Butterflies on Distant Hill
A Southern Species Moving North
The Giant Swallowtail (Papilio cresphontes) is the largest butterfly in Canada and the United States. Adults have a forewing span of 4 to almost 6 inches (avg. 5.5 inches) for males and a span of 5 to 7 inches (avg. 5.8 inches) for females. It is an uncommon stray in southern New Hampshire and Vermont, but we have had them here at Distant Hill Gardens for the past two years.
Is their presence in New England an example of climate change at work?
A paper published last year in Nature Climate Change seems to support that theory. They reported that many of the southern butterfly species in the US are packing up and moving north... "Our results suggest that a major, climate-induced shift of North American butterflies, characterized by northward expansions of warm-adapted and retreat of cold-adapted species, is underway."
The caterpillar of the Giant Swallowtail is as least as interesting as the butterfly. It looks exactly like a bird dropping, making it unappetizing to most insect-eaters. If it does happen to be threatened by a predator, a bright red, forked structure called an osmeterium emerges from its head, along with releasing a strong noxious odor.
The caterpillar has the nickname 'Orange Dog' due to preference for plants in the citrus family. It is very common in Florida and is considered a pest in the citrus groves throughout the State.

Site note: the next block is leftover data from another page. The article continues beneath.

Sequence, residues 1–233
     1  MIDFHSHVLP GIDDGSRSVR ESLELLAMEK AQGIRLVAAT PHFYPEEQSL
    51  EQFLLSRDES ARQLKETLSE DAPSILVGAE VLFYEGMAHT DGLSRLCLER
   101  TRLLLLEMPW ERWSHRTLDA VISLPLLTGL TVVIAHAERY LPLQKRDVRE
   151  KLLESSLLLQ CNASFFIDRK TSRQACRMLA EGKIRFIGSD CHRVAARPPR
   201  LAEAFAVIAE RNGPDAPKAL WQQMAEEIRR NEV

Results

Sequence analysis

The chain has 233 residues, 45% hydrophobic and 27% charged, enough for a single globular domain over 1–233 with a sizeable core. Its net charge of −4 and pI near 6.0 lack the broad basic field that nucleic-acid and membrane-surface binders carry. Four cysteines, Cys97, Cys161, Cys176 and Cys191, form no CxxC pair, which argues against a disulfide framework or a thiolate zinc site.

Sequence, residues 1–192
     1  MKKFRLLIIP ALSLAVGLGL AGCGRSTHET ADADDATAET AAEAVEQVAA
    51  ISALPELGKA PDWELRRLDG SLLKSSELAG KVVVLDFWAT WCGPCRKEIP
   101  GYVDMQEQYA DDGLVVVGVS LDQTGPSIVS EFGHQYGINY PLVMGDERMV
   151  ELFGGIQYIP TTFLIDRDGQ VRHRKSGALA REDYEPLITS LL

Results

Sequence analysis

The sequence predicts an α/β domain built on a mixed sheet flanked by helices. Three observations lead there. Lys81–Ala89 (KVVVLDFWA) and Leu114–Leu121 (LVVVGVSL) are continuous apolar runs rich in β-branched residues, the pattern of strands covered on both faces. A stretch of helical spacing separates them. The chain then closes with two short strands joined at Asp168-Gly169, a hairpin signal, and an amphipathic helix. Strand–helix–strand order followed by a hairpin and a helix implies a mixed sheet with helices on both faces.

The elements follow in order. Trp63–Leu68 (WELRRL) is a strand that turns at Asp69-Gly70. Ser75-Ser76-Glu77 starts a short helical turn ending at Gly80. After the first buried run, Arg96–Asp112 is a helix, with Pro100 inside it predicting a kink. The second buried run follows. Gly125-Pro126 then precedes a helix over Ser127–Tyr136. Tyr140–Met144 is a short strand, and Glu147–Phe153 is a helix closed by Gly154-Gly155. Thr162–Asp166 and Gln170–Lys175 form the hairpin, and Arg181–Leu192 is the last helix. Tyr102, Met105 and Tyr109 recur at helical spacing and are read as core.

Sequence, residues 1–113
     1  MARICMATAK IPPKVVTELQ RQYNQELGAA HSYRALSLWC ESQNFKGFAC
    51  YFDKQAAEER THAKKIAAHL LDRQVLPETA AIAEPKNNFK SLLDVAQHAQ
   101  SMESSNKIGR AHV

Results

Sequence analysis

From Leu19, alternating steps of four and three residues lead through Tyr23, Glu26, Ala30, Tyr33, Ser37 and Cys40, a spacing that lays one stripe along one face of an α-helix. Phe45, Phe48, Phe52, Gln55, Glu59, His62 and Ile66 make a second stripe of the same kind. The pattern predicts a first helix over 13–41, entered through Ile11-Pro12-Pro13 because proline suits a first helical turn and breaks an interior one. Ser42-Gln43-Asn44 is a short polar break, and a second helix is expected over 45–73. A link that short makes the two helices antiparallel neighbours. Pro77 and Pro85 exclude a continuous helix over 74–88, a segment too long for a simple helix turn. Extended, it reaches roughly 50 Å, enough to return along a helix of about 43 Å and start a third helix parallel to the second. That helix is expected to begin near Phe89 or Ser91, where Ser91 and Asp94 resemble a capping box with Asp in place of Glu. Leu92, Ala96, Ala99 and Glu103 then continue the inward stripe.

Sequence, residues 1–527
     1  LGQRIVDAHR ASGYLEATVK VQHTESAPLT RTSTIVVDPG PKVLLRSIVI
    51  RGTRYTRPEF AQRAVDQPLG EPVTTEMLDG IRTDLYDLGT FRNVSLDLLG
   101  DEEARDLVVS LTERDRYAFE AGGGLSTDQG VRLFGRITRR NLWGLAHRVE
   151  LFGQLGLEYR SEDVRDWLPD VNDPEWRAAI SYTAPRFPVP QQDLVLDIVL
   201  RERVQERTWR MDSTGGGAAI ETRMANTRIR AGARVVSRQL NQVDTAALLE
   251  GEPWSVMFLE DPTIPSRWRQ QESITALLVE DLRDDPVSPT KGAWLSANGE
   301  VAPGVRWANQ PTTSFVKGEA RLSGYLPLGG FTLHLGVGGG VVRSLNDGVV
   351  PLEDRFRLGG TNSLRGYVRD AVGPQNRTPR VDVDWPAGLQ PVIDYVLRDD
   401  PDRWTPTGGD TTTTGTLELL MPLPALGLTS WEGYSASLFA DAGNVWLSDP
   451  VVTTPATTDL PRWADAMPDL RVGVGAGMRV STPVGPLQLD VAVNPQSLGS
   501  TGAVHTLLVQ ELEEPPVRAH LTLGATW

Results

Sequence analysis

Here in northern New England, it will feed on Common Prickly Ash (Zanthoxylum americanum) or the Common Hop Tree (Ptelea trifoliata), if available. Both are native plants in the citrus family. Only the Prickly Ash can be found in this part of New Hampshire.
The only plant growing at Distant Hill Gardens that we have found Giant Swallowtail caterpillars feeding on is a Gas Plant (Dictamnus albus). It turns out that Dictamnus albus is in the same botanical family as
There is one other plant in the Rue family growing at Distant Hill Gardens, an Amur Corktree (Phellodendron amurense). We will have to keep an eye out for the Giant Swallowtail caterpillar feeding on its leaves.
Change is Good
- Simple metamorphosis: Grasshoppers, along with dragonflies and many other insects, go through simple metamorphosis. This is a 3 stage process: Egg to Nymph to Adult. The young nymphs usually look much like small wingless adults. The wings develop externally.
Here is a partial list of insects that use simple metamorphosis.
A Band-winged grasshopper in the Nymph stage of development. Note the short stubby wings.
A Band-winged grasshopper, in the Adult stage of its development. Note the long wings.
- Complex metamorphosis: Butterflies and moths undergo complex metamorphosis, in which there are 4 distinct stages: Egg to Larva to Pupa to Adult. With Complex metamorphosis, the immature insects and the adults have different forms, often live in different habitats, and may have very different behavior.
A Monarch caterpillar, the Larva stage of complex metamorphosis.
A Monarch chrysalis, the Pupa stage of complex metamorphosis.
A Monarch Butterfly, the Adult stage of complex metamorphosis.